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Creating an Indoor Winter Garden

By Melanie Moffett
In p. Allen Smith
Jan 4th, 2016
0 Comments
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Cozy up indoors this January with a colorful collection of houseplants. Here are a few tips on how to get the most out of your indoor winter garden.

article by P. Allen Smith

As the frigid temperatures of January continue to drop, cozy up indoors with your own collection of colorful houseplants. Tending to these plants is a great way to keep your home lively after the excitement of the holiday dies down, and enjoy some of the blooms and color of spring a little early. There are many plants and bulbs you can pick up at your local garden center or grocery store, and caring for them is a cinch. Some of my favorite indoor plants include kalanchoe, paperwhites, cyclamen and primrose. I like to think about ways to get creative with these plants, whether it’s designing a centerpiece for your dining table, or just thinking outside the box when choosing a container to grow in. Here are a few tips and ideas on how to grow these plants and get the most out of your indoor winter garden.

Kalancheos
This plant has more than 100 varieties, and is most widely known for its interesting leaf-shape and vibrant flowers. It is native to arid areas, so they prefer drier soil — be careful not to over-water. Flowering kalanchoes are available in shades of red, pink, yellow or white. Succulents like these are fairly easy to grow — they prefer warm, sunny locations and moderate watering. You’ll want to reduce their water even more in the winter so the soil dries out completely between waterings. Also be careful not to let the temperature fall below 55 degrees. Plant them in a nutrient-rich potting soil and feed them bi-weekly in the summer with a liquid fertilizer. These plants will bloom for a long time and their glossy leaves keep them looking great year-round. Just pinch back the spent flowers to encourage reblooming. If you want to propagate your kalanchoes, it couldn’t be easier! Just take one of those lush, glossy leaves and lay it on moist soil. In about three weeks you’ll start to see new life emerging. This plant is gorgeous, but poisonous to animals, so please keep it out of reach.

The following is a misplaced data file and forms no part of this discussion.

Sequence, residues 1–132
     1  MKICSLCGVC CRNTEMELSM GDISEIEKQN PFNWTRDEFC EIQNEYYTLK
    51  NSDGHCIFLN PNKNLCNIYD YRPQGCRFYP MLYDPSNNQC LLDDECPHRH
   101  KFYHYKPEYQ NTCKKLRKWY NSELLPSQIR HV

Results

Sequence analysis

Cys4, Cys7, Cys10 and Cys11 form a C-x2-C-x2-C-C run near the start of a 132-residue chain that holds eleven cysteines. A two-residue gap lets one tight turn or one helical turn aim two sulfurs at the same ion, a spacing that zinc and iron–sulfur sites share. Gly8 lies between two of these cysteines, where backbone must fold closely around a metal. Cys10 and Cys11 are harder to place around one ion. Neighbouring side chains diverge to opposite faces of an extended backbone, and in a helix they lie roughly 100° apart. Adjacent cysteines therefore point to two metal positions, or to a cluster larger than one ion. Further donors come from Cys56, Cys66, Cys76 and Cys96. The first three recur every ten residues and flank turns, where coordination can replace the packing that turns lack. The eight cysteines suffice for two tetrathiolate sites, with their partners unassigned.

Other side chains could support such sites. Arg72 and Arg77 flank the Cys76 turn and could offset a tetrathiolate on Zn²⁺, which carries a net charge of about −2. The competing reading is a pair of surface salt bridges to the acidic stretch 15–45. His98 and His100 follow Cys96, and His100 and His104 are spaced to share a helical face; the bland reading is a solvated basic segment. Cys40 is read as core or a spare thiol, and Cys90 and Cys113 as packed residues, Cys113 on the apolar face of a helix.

Cyclamen
This tropical tuber produces large, beautiful blooms that — with the proper care — can last and last. Cyclamen are a bit particular about their growing conditions so pay close attention and you could fill your home with their beautiful, yet delicate, blooms. Cyclamen come in a wide range of color, from white through various shades of pink into the deep red, and their variegated heart-shaped foliage is its own work of art.

To get the most out of your cyclamen, be sure you grow them in the correct conditions. They prefer cool, humid environments. Keep them in a room that gets no warmer than 68 degrees (anything below 40 degrees is also undesirable), and position in indirect sunlight. Cyclamen are sensitive to both under and over watering, so be sure your pot has good drainage. Water only when the soil becomes dry, but be careful not to let plant remain dry for too long. If cyclamen completely dry out — they will show signs with drooping leaves and flowers — they may not be able to recover. Only fertilize once every couple of months with a liquid fertilizer mixed at half the strength.